Then on July 2, South Sudan broke away from the Arab-dominated north, taking with it oil wells and substantial oil deposits. It was not only a huge economic loss but also a personal humiliation for Bashir, who will now go down in Sudanese history as the man responsible for the break-up of Sudan. But Bashir’s woes are far from over. He faces a clutch of rebel groups in the western province of Darfur, in South Kordofan province, as well as in the east. Then in August, the Sudan People’s Liberation Movement in South Kordofan and two factions from the Sudan Liberation Movement in Darfur joined forces with the declared goal of overthrowing Bashir’s government and establishing a secular state in the country. Bashir has outsmarted his enemies before, but even he may find it difficult to maintain control with the country literally falling apart around him.



    In the heat of the Egypt’s revolution, Iran’s leaders made several crass, bald-faced attempts to spin the revolt as an example of popular anti-Western aspirations. The country’s supreme leader, Ayatollah Ali Khamenei, said the oppressed people of Egypt and Tunisia yearned for an Islamic state modeled after Iran’s and that the street demonstrations were “liberating Islamic movements.”

    Before Mubarak stepped down, President Mahmoud Ahmadinejad, who assumed his second term only after crushing massive street protests denouncing his fraudulent election, urged Egyptian protestors to “free” themselves and choose their own leaders and their own form of government — as if Iranians are able do the same. He even organized a pro-government rally in Tehran where Egyptian flags were handed out to teenage schoolgirls who sang Iran’s praises, calling it the “cradle of Islamic belief and love.” The Muslim Brotherhood in Egypt was unimpressed, rejecting the link outright.

    The arrogance of the Iranian regime is stultifying, not least because when opposition leaders asked for permission to stage a demonstration in support of Egyptian protesters, permission was flatly refused. Defiant protesters took to the streets of Tehran on Feb. 14 anyway, and were brutally suppressed. Opposition leader Mehdi Karroubi was placed under house arrest. Then, after brutally suppressing his own country’s pro-democracy activists, Ahmadinejad had the temerity to condemn Qaddafi’s use of force against demonstrators, calling it “grotesque.”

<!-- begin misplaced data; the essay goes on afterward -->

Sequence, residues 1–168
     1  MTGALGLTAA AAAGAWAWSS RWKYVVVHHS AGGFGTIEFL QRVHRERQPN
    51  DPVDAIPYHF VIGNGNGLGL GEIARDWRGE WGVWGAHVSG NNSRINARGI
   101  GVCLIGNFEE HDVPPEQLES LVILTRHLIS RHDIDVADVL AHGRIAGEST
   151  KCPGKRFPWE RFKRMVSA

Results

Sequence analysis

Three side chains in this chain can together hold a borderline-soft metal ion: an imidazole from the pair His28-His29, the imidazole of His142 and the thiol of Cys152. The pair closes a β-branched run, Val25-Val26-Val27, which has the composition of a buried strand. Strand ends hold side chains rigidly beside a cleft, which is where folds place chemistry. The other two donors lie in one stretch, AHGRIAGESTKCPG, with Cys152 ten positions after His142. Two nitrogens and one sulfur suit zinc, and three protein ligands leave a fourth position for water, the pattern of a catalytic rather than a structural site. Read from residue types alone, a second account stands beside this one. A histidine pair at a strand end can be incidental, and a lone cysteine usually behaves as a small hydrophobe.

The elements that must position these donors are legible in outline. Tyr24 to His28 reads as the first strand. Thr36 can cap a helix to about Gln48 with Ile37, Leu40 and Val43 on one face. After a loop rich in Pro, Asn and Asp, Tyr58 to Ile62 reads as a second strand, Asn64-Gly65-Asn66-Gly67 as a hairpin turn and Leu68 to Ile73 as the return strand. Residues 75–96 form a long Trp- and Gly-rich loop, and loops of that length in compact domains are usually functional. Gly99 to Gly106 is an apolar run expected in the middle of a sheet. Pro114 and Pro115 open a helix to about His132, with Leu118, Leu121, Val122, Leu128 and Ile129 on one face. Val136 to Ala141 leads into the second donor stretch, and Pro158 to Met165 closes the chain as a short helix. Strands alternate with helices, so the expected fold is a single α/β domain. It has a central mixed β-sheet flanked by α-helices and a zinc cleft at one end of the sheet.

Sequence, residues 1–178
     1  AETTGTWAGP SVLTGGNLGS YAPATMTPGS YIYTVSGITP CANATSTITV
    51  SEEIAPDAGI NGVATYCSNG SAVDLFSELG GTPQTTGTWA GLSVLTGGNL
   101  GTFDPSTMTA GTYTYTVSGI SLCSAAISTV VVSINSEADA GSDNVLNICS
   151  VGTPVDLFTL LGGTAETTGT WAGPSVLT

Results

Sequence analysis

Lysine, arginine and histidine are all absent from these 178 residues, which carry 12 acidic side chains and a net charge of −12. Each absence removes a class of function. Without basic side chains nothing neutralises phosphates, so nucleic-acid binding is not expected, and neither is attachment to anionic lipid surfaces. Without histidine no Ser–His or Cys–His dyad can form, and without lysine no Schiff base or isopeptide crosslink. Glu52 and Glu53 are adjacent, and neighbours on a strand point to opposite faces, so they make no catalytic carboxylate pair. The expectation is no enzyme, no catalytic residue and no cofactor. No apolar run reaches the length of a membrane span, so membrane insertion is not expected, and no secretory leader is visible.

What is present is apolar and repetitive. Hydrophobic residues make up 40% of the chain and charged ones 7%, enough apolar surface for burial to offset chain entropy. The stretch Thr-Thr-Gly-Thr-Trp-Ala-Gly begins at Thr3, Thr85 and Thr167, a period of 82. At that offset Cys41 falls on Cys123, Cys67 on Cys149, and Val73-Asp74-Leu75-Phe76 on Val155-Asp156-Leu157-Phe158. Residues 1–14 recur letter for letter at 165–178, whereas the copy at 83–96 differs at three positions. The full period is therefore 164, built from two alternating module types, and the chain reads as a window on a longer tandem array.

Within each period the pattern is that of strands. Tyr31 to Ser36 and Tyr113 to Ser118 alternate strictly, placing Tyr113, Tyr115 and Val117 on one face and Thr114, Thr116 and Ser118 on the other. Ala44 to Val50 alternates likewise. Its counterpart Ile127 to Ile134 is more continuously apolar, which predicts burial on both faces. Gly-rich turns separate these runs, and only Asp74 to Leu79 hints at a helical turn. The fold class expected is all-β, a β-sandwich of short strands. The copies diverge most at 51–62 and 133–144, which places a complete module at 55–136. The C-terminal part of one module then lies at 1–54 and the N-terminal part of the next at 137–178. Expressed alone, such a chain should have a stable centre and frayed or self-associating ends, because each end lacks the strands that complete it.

Still, Iran’s reckless megalomaniac leader is in hot water — as he has been since long before the Arab revolutions began to sweep the Middle East. His incendiary rhetoric is matched in scale only by his decrepit capacity to deliver basic social services. Iran is an oil-producing country but can’t supply petroleum products to its people and must import them. This type of failure to attend to the needs of the people is exactly what touched off civil unrest in Tunisia and Egypt. But in Iran’s case, Ahmadinejad might become the casualty, if not the Islamic Republic itself.



    Back in 1986, when he led a rebel insurgency to overthrow strongman Milton Obote, Yoweri Museveni ebulliently declared, “No African head of state should be in power for more than 10 years.” Twenty-five years later, he is still there. His credibility in tatters, this coconut-head won re-election in February with 68 percent of the vote in a stolen election. The electoral commission was packed with the same men who ensured Museveni’s victory in previous elections. In 2005, Museveni had constitutional term limits abolished completely in a sham referendum, meaning he could run for president for life. There are also suspicions that the president is grooming his son, 36-year-old Lt. Col. Muhoozi Kainerugaba, to succeed him.

    In June, Uganda’s main opposition leader, Kiiza Besigye, called on his supporters to walk to work to protest the high cost of transportation. The protest was over an economic issue, not a political one. But the ever-paranoid government security forces saw it differently. Describing it as “an act of terrorism,” they sprang into action, beating, tear-gassing, and hauling Besigye to jail. Upon release, he has vowed to continue with the protests and ignite a Tunisian-type of revolution.



    After 52 years under the rule of the Castro brothers, Cubans are stirring. On Aug. 23, a group of four women took to the steps of the capitol building in Havana chanting “freedom.” The Castro security goons pounced, raining rocks and using iron bars on the unarmed ladies. The crowd that had gathered booed, hissed, and insulted the agents.